Update: I’ve increased the oven temperature from 250ºF to 325ºF — when I made this most recently at the lower temperature it took way too long to cook, though my oven has been acting up. If you’ve had success at the lower temperature, go for it. Otherwise, try 325ºF, which will have this casserole done in just about 30 minutes.
Also: I now add a cup of half and half. I think including some sort of milk product — milk, cream or half and half — makes the eggs more forgiving. When you overcook this casserole when it is eggs alone, it can be a bit rubbery tasting. When dairy is added, I find it remains more custardy. When I think about my favorite egg custard dish, Tartine’s Quiche, which calls for 2 cups of dairy (milk and crème fraîche) for 5 eggs, it makes me want to try this with yet another cup of half and half. I will be sure to report back when I do.
Finally: When I make it vegetarian, I simply sauté the onions for about 10 minutes; then fold in the spinach just until it wilts. Then I proceed with the recipe as usual.
- 2– to 4-oz baby spinach (I typically use 4 ounces)
- 1 tablespoon olive oil, plus more as needed
- 0.5 – 0.75 lb. hot Italian sausage, optional
- 1 yellow onion, thinly sliced or diced
- 1 to 1.5 teaspoons kosher salt, plus more as needed
- 4 oz. grated cheese, I like Gruyère or Fontina
- 12 eggs
- 1 cup half and half
- freshly cracked black pepper to taste.
- Heat oven to 325ºF. Place spinach in a large colander and set it in the sink. Grease a 9×13-inch pan lightly with butter or with nonstick spray.
- In a medium skillet over medium-high heat, heat the oil till it shimmers. Cook the sausage till it browns and is nearly cooked through, about 5 minutes. Break it up with a spoon or a spatula as it cooks. Spoon the sausage over the spinach in the colander in the sink. Return the skillet to the stovetop, add a little bit more oil to the pan if necessary, and set it over medium heat. Add the onions. Season with salt. Cook the onions till they begin to caramelize, 7 to 10 minutes. Spoon the onions over the sausage and toss with a spatula or large spoon to gently wilt the spinach. Transfer the spinach-sausage mixture to the prepared pan. Spread the cheese over top.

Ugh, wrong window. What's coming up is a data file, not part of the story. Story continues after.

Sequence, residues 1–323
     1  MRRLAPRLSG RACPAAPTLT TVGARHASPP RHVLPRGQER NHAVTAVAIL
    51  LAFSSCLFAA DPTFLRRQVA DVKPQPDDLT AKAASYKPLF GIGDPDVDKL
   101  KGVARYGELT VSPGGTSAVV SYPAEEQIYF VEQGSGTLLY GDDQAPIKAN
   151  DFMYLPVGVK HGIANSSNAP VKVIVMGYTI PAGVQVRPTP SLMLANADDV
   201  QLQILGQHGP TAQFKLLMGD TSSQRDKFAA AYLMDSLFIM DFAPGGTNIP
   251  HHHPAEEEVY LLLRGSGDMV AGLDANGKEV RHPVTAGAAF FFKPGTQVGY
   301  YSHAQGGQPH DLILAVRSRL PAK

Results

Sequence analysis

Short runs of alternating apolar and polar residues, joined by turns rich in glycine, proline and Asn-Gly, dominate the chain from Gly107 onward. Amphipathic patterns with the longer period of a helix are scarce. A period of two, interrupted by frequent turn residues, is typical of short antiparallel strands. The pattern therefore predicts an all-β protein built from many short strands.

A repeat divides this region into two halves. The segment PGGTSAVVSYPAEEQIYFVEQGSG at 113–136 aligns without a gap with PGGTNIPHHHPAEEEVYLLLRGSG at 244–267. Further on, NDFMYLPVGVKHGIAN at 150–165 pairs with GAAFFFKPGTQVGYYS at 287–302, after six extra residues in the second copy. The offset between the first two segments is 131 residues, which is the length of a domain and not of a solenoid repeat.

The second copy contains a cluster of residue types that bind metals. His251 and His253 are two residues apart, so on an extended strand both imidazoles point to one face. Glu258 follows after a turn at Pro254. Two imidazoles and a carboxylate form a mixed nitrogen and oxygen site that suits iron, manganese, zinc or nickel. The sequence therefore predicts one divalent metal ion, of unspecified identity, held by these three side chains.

- Break the eggs into a large bowl, season with 1 to 1.5 teaspoons salt (when I am using Morton’s kosher salt, I use 1 teaspoon; when I use Diamond Crystal, I use 1.5 teaspoons) and fresh cracked pepper to taste. Add the half and half, and beat with a whisk until the mixture is well blended. Pour the eggs into the pan. Season with more pepper to taste. (Note: You can strategically pull leaves of the spinach from the custard so they are at the very top, where they will stay during the baking process — this is purely for visual effect.) Transfer pan to the oven and bake for 25-40 minutes, rotating the pan halfway through. Start checking at 25 minutes, then every 5 minutes thereafter till it’s done — depending on your oven and the material of the pan you are using, it may take more or less time to cook.
- Remove pan from the oven, and let it cool for 5 minutes before serving.
- Category: Breakfast
- Method: Oven
- Cuisine: American
Keywords: egg, casserole, sausage, cheese, spinach